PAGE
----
Abolish The Resolution Subcommittee!

Sam Schwartz
Nov 12, 2018 · 9 min read

By Sam Schwartz and Jesse Kudler

In an earlier article, Sam wrote about how Philadelphia DSA’s Bylaws Committee, purposely or inadvertently, recreates an anti-democratic feature of the US Senate. This piece will focus on how the functioning of the Resolutions Subcommittee (RS) of the Steering Committee (SC), again perhaps inadvertently , recreates an anti-democratic feature of the US Supreme Court. (We hope that our chapter’s process for electing local delegates to the DSA National Convention is democratic so we do not have to write about how this group has incorporated an element that reproduces the Electoral College, achieving the full trifecta of US anti-democratic structures.)

First, a brief history of the Supreme Court. Until Marbury v. Madison, the Supreme Court was merely the highest interpreter of the laws passed by the popular branches of government. That is, if person A felt that the law entitled her to X from person B, but Person B thought that the law only entitled Person A to Y, the Supreme Court was the final possible arbiter of that dispute. However, in Marbury, the Court seized for itself the power not merely to adjudicate between Person A and B, but to declare the laws themselves unconstitutional. Make no mistake; this was a coup. The Constitution fairly clearly prescribes a Legislature and an Executive entitled to their own conception of what is or is not constitutional, and a Court that was powerless to interfere with those interpretations. But this power, once grabbed, has also consistently been used in a factional manner. That is, since snatching this power for itself, the Court has wielded it to preserve minority rule by elites, especially in the rare instances when allies of working people are able to control the popular branches of government.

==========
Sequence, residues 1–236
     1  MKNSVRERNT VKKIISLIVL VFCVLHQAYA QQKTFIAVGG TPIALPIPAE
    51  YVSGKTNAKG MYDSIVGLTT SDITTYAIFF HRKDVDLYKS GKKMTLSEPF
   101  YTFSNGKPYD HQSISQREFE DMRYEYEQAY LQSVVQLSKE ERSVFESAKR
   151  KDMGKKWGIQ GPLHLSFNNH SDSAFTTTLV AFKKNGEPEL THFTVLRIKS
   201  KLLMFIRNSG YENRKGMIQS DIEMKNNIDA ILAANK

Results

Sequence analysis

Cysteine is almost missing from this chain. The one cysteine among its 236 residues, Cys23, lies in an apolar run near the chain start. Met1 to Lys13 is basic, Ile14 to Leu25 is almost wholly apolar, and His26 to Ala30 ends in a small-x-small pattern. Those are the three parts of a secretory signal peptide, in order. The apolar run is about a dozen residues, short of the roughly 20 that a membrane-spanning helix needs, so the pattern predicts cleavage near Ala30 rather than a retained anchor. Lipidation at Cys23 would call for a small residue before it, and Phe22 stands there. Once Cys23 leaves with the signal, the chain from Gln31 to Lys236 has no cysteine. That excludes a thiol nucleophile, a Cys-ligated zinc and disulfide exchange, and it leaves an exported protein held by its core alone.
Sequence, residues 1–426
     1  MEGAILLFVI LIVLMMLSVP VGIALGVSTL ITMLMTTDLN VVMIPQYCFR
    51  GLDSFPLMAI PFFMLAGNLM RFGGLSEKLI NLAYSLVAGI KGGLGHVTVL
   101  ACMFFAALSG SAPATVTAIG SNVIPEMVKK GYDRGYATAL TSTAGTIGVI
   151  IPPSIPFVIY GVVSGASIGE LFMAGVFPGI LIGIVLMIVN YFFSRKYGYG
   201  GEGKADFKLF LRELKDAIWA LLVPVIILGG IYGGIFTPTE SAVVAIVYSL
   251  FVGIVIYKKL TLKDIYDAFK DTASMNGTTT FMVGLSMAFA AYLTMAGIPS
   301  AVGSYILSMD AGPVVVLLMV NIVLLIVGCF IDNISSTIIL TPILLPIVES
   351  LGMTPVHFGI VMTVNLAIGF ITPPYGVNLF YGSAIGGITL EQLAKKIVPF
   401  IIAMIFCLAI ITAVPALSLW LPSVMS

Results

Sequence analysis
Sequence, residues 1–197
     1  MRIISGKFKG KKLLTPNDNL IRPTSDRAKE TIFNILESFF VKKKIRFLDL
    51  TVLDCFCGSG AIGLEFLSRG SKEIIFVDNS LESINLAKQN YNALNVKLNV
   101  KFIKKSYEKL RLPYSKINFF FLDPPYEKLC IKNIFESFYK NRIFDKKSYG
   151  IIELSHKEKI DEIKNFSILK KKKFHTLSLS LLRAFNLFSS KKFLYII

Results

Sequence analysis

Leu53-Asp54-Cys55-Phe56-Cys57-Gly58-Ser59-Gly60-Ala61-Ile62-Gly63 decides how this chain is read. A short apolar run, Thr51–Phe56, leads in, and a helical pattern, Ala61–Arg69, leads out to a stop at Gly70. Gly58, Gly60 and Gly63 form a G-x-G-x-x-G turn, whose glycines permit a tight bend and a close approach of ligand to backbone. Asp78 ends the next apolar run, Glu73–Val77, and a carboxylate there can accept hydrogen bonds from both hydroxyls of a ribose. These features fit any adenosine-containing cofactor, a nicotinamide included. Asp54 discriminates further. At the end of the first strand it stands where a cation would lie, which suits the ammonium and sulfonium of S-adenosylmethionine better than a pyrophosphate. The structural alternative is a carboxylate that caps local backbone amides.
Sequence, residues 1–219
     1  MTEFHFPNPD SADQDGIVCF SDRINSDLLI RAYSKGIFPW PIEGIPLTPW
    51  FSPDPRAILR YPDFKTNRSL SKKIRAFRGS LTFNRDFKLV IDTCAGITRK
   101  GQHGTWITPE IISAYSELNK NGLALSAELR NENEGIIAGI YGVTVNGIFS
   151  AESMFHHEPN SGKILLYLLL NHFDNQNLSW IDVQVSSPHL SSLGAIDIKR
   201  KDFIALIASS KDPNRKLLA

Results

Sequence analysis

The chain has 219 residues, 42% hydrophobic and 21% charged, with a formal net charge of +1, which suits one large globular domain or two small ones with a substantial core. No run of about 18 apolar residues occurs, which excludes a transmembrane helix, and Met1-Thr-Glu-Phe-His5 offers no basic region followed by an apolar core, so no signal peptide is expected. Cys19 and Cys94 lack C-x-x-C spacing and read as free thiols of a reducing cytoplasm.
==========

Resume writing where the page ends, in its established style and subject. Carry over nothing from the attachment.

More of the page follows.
A similar coup has occurred in Philly DSA. To appreciate this point, it is important to understand how Robert’s Rules should function. Usually under Robert’s Rules, all types of motions, including resolutions and amendments, can be brought from the floor of an assembly, barring a ruling from the chair that such motions are out of order. Importantly though, the rulings of the chair can be appealed, because like the popular branches before Marbury, the general assembly is entitled to its own opinions on what motions are in and out of order. But in Philly DSA, this power has been denied from the general assembly. It has instead been seized by an unelected body. Our Steering Committee (SC), without notice to, or a vote by the membership, appointed a subcommittee to review proposed resolutions and reject those it declares out of order. The only mode of appeal from an adverse ruling is to the SC. To date, the SC has never overruled the RS.

These rulings are so subjective and prone to misuse that even one of the RS’s own members claimed at the July General Meeting that a resolution his committee approved was in fact out of order. Further exacerbating this problem is the fact that the RS, along with the rest of the SC, are members of a private caucus that meets in secret to organize for their own resolutions and against those of other members. In short, the RS is precisely the kind of organ a ruling clique would institue to allow for continued rule in a situation where rapid membership growth is quickly making them a minority, even of active members.